Once upon a time, a girl from Massachusetts graduated from college (Skidmore College in upstate New York with a double major in International Affairs and German, and a minor in Environmental Studies, to be specific) and moved to the landlocked state of Colorado to work as a naturalist. She learned all about the local ecology and spent the summer giving guided nature walks, trying to convince kids the rubber scat in the nature center was real, camping, and hiking whenever possible. It was all she could ask for in a summer job.
|Not much sea here. Plenty of sky though.|
But what to do, now that her summer job was over? She had toyed briefly with the idea of staying in Colorado and becoming a ski bum, but missed her cats (and her family) too much to spend the winter away from home. And although she loved hiking and exploring in the enormous mountains she was now surrounded by, something wasn’t quite right. The air didn’t smell like salt, the people there talked about their hatred for magpies, not seagulls, and the nearest ocean was a fourteen-hour drive (frigid alpine lakes, while beautiful, just didn’t compare).
Besides, she wanted to do something a bit more purposeful than becoming a ski bum. After all, the two landscapes she had come to love, the ocean and the mountains, were particularly vulnerable to environmental threats, and just being a ski bum wouldn’t help protect these ecosystems. So, when the summer ended, she packed up her possessions and headed back east to be reunited with her cats and her beloved Atlantic Ocean (and her family).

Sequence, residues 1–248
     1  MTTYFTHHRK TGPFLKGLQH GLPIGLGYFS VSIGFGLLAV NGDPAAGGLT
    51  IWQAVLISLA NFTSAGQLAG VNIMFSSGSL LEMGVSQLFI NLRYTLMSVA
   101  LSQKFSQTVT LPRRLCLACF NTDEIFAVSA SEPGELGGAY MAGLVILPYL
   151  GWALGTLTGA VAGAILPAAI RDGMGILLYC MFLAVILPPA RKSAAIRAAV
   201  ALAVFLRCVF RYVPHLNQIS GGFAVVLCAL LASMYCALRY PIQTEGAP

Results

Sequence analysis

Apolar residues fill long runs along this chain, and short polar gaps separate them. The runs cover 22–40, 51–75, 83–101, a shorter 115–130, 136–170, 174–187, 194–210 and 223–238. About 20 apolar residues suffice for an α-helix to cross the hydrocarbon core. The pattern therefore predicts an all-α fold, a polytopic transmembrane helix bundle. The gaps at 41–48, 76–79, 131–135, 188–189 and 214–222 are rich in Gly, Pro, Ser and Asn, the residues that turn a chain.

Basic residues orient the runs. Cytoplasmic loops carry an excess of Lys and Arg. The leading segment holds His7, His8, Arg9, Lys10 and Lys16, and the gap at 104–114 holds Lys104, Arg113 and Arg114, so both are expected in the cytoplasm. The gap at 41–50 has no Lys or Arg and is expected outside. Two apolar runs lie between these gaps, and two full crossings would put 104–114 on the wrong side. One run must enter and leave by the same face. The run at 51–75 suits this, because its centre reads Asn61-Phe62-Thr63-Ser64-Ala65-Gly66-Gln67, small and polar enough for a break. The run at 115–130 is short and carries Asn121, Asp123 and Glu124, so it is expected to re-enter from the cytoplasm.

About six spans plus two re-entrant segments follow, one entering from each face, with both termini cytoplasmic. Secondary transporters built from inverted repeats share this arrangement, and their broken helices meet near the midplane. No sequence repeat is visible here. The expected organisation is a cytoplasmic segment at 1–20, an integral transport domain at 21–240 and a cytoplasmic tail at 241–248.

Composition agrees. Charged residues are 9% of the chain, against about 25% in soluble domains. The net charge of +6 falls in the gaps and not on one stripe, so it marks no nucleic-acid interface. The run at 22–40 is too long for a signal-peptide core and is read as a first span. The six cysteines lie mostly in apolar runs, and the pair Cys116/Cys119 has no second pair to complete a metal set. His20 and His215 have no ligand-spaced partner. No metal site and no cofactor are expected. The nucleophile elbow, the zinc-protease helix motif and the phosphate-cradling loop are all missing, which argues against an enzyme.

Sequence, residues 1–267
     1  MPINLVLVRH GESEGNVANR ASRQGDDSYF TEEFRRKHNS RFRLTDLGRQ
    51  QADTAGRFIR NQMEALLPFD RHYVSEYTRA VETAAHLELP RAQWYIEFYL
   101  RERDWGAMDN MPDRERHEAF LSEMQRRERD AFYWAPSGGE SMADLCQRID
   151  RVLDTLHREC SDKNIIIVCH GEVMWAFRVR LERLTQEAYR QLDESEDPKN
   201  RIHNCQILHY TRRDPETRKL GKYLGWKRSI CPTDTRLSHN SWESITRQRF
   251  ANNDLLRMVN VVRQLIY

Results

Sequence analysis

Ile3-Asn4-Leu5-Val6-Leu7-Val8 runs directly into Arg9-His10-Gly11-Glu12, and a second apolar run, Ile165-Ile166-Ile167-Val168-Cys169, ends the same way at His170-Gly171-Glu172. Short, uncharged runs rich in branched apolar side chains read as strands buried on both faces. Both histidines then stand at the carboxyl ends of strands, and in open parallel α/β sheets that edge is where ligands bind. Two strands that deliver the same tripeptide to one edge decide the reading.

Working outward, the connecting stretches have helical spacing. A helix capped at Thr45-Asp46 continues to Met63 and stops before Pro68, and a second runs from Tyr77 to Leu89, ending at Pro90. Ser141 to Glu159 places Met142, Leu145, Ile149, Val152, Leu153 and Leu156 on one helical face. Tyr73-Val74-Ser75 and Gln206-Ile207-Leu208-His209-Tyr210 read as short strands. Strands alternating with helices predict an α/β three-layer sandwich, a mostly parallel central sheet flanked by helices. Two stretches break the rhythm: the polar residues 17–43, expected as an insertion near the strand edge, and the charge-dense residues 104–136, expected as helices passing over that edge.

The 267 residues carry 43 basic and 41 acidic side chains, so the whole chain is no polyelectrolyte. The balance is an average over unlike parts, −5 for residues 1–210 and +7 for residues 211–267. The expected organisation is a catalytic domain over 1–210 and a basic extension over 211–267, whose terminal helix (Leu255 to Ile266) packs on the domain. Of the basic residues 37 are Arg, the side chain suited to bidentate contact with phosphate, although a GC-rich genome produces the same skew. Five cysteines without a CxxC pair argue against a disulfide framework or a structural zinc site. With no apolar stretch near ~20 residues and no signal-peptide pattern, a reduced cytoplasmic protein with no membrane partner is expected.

Although she had studied international affairs in school, she had become fed up with her fellow political science students who didn’t want to go hiking with her and often overlooked environmental problems when thinking about global politics. It was with these experiences in mind that she set her sights on the nonprofit sector, hoping to find both colleagues equally as invested in environmental problems and policies (who would maybe explore the outdoors with her) and an experience that would allow her to help make a substantial difference while helping her figure out future education and career decisions.
|This is better.|
When she found the position with Save the Harbor, she knew it was a perfect fit. A chance to work on environmental policy issues with like-minded environmentalists and the opportunity to explore nonprofit operation were exactly the kind of situations she had envisioned to help her find the clarity she wanted, and to do that while working to protect and improve a body of water she grew up enjoying made the opportunity even better. And so she started working for Save the Harbor as an environmental policy intern and, (for the short-term, at least), lived happily ever after.-->